3
$\begingroup$

I'm interested in the memory usage of various programming languages when implemented on actual hardware.

I believe that a Turing-complete programming language has, in general, unknowable memory usage since object lifetimes are not statically analyzable [1]. It also seems like a regular expression language (in the deterministic finite automata) has statically known memory use.

What is the most complex programming language for which that is true? And where do total languages [2] fall in relation to that?

[1] Given the caveat that we're implementing that programming language on a physical computer with all its requisite limitations.

[2] A total language is, for the purposes of this question, a language where all programs written in it are guaranteed to terminate.

$\endgroup$
  • 1
    $\begingroup$ What do you mean by a "language"? A set of valid strngs? A formalism for describing a computation? There is no relationship; I can create a formalism whose semantics are turing complete but whose syntax is regular (simply by adding the rule that "any other string" halts immediately.) $\endgroup$ – rici Feb 5 '16 at 2:29
  • $\begingroup$ A language used to compute in. I'm interested in semantics not syntax. $\endgroup$ – oconnor0 Feb 5 '16 at 3:54
  • 2
    $\begingroup$ I've edited your question based on your clarification. Note that programming languages have almost no overlap with formal languages. Anyway, what do you mean by a "total language"? What is your definition of "complex"? What makes you think there is a single "most complex" programming language? The question doesn't seem well-defined/well-posed as it stands. $\endgroup$ – D.W. Feb 5 '16 at 4:42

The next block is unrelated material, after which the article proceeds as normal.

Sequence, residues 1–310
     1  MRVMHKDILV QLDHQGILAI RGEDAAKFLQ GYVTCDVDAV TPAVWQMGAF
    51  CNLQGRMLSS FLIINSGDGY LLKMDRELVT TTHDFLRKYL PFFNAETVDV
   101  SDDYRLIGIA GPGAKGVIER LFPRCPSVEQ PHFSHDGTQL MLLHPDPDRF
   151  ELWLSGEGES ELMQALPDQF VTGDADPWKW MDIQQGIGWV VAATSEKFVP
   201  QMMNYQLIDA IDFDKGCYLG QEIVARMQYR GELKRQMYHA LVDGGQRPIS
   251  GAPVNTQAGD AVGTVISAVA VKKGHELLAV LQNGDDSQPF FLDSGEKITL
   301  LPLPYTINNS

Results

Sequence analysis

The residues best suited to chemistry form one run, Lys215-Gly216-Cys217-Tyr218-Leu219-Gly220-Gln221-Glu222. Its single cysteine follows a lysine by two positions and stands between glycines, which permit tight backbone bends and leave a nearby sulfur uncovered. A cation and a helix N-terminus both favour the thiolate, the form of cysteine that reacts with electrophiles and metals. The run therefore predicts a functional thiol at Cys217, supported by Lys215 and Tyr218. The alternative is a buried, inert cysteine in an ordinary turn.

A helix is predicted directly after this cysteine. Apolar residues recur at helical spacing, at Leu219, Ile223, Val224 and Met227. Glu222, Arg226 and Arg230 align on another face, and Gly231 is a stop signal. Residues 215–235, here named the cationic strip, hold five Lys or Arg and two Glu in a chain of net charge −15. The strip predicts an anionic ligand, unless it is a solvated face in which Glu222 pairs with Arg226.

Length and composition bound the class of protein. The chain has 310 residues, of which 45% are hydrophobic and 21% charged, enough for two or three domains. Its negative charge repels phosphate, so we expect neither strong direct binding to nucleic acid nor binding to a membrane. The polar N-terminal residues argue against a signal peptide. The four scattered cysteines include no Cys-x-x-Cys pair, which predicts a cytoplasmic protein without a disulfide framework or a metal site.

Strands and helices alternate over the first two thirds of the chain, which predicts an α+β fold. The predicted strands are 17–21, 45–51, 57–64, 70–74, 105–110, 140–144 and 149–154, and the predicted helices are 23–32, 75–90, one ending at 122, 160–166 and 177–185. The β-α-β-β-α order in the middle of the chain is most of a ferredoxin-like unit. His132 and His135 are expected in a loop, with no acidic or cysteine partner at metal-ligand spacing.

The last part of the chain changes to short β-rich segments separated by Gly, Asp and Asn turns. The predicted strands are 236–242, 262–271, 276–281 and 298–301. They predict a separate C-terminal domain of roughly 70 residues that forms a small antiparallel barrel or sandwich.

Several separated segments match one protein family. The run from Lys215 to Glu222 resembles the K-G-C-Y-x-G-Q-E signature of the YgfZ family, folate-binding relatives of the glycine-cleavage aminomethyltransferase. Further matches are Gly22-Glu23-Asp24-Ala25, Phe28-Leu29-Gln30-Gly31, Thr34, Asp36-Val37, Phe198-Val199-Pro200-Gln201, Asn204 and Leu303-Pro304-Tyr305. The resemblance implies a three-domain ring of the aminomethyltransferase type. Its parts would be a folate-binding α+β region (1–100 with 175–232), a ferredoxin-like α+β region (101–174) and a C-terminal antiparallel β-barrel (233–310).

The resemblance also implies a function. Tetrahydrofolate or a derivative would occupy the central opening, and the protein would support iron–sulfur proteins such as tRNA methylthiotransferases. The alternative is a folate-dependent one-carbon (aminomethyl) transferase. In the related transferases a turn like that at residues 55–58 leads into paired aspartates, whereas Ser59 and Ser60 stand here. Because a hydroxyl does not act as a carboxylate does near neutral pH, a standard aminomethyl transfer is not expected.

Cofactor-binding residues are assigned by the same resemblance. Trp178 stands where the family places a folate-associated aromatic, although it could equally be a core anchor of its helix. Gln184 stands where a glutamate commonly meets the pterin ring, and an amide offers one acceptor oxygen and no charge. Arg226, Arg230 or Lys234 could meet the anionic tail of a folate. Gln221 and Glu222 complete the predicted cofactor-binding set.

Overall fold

• $\begingroup$ I understand neither what you mean by "regular expression language" (since you claim not to mean a language whose syntax is regular) nor your proposed complexity metric. -- Which seems to be what @D.W. just said. $\endgroup$ – rici Feb 5 '16 at 4:53
  • 2
    $\begingroup$ I don't think there's a useful theory of programming languages that would provide what you want. Also, one can always invent a language with known memory usage: e.g., C programs with a special version of malloc() that is guaranteed to return NULL after allocating 1MB of memory (and with bounds on recursion) would give you a language that a known upper bound on memory usage and is very complex... but somehow i doubt that's what you are looking for. $\endgroup$ – D.W. Feb 5 '16 at 5:38
2
$\begingroup$

Because total programs cannot run forever they cannot use infinite memory. You can know maximum, and best case cost from looking at what algorithm is implemented. Checkout these wikipedia pages to see the relationship between different grammars, algorithms, and machines:

$\endgroup$
  • $\begingroup$ Interesting. Is there a way to do more fine grained analysis than maximum used? Why do total programs only implement up to polynomial algorithms? $\endgroup$ – oconnor0 Feb 6 '16 at 2:47

Your Answer

By clicking “Post Your Answer”, you agree to our terms of service, privacy policy and cookie policy

Not the answer you're looking for? Browse other questions tagged or ask your own question.